Clarion Call No. 189
Before the Council of State's vote on North Carolina State University’s proposed hotel and conference center, university officials asked and received a delay in the vote. Chancellor Mary Anne Fox told media that she requested the delay not because university officials were counting votes, but because they had not done enough to answer council members’ questions, especially over the issue of private financing of the project.
Basically, those questions boil down to this: if everything the university says about the project's feasibility is true, then why aren’t there private backers for the project? Behind them is the untold story that clouds the issue of private backing considerably: It’s not that the hotel and conference center project isn’t attractive to industry. It’s that the industry’s attraction to the project takes a form that isn’t attractive to the university.
As university officials explain, there’s a public misconception that private developers backed out of the plan. The developers wanted substantial use guarantees from the university. N.C. State, however, wanted to retain control of the facility, as officials there see its primary purpose is to serve the interests of the university and the several dozen companies affiliated with the Centennial Campus. So the university decided against private ownership of the facility.
N.C. State could arguably maintain control over the facility even if it were privately owned if university officials could choose not to do business with it if they disagreed with how the facility was being managed. All private interests willing to own the project, however, have pressed the university to guarantee them a specific level of business — effectively removing this veto or lever of control from the university.
University officials are thus faced with the choice of controlling the project entirely and weathering all the public-relations storms that go with it, or allowing private interests not only to own the project but also to preempt the university’s right to refuse doing business with it if its owners directed it away from its founding purposes. And private firms are so positioned that, while individually they seek massive concessions from the university in owning and operating the facility, collectively they hammer the university for not going with private ownership and operation.
This turn of events is made possible by a culture of incentives that has cropped up of late nationwide, but especially in North Carolina. The February 2001 Carolina Journal cover story, by Don Carrington, delved in depth into North Carolina’s 16-year foray into the “intervention model” of state economic development, “based on the idea that government can and should help direct economic growth to certain sectors of the state and of the economy.” As Carrington reported, “Business ‘incentives’ — tax breaks designed to lure companies to a state or encourage them to stay there — have become the cornerstone of intervention policy models.”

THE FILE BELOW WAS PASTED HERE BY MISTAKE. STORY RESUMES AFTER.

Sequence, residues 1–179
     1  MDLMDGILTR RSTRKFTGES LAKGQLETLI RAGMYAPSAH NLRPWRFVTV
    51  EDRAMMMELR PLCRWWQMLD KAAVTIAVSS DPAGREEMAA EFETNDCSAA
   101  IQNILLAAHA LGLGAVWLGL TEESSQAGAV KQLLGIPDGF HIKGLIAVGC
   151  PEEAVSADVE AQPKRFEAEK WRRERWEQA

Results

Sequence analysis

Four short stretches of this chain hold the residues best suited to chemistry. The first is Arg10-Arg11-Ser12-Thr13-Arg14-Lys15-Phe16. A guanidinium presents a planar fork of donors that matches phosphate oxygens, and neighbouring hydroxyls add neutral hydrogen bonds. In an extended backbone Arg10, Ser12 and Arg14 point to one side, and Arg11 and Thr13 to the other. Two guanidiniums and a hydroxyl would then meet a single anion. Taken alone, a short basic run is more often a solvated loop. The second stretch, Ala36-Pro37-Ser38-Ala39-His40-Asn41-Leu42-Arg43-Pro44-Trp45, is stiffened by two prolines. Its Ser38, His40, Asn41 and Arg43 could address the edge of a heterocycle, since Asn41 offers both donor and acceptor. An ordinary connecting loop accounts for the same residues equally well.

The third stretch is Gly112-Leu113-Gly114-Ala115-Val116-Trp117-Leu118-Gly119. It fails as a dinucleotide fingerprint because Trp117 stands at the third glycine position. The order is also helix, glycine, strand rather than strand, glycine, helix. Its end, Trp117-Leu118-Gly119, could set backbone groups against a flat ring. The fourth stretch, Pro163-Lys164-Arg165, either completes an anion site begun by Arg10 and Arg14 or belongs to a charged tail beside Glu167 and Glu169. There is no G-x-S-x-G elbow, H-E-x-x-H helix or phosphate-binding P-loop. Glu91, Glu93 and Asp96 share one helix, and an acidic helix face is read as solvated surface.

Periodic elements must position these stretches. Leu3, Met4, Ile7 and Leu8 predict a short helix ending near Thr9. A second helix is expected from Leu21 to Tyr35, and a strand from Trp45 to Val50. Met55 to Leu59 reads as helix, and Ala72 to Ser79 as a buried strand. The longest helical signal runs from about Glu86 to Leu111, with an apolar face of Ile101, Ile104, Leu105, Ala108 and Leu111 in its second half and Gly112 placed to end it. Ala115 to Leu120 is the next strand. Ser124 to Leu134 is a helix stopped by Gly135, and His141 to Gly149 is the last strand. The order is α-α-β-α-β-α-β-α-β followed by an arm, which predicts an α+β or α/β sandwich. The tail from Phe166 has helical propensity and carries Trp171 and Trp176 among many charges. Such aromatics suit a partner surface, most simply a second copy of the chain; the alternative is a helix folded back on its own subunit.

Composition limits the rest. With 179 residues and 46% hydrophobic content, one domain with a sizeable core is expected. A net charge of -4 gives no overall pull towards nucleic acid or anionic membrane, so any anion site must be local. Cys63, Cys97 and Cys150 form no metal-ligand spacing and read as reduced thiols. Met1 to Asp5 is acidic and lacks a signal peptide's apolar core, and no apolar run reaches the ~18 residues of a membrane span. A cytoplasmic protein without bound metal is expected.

Carrington traced the growth of this culture to the General Assembly’s creation in 1986 of a $7,000-per-job tax credit for “creating jobs in distressed counties.” Along similar lines were the 1990 launching of the Global TransPark in Kinston; the creation under the Hunt administration beginning in 1993 of tax breaks, preferences based on location, cash assistance, and special multimillion-dollar deals to individual companies; the passage of the William S. Lee Quality Jobs and Expansion Act; and the use of the Golden LEAF Foundation, created to handle proceeds from the National Tobacco Settlement, to make awards for “economic development.”
Part of what’s behind this sea change in governing is simple hubris among legislators in subscribing to the fallacious notion that government drives economic growth. Part of it is vote-grubbing via the generation of Sen.-So&So-brought-more-jobs-home headlines. And part is the knowledge that the other states are doing it, too, combined with the unsubstantiated fear that not doing it in N.C. will mean companies will go elsewhere.
Whatever the cause, the result is that companies negotiating with government entities have built-in expectations for concessions from them. Those extra-market expectations have resulted in such things as the very recent spectacle of federal, state, and local government monies being used to bring a grocery store to the town of Salemburg (pop. 469) despite there being two grocery stores in nearby Roseboro, four miles away.
And it has till now prevented a workable deal between N.C. State and private interests in the proposed conference center and hotel. The Council of State and other interests are understandably concerned about the lack of private financing of the project. The extent of private interests seeking to leverage exorbitant concessions from the university should be a concern as well. Both result in unfair competition and unnecessary meddling in the market.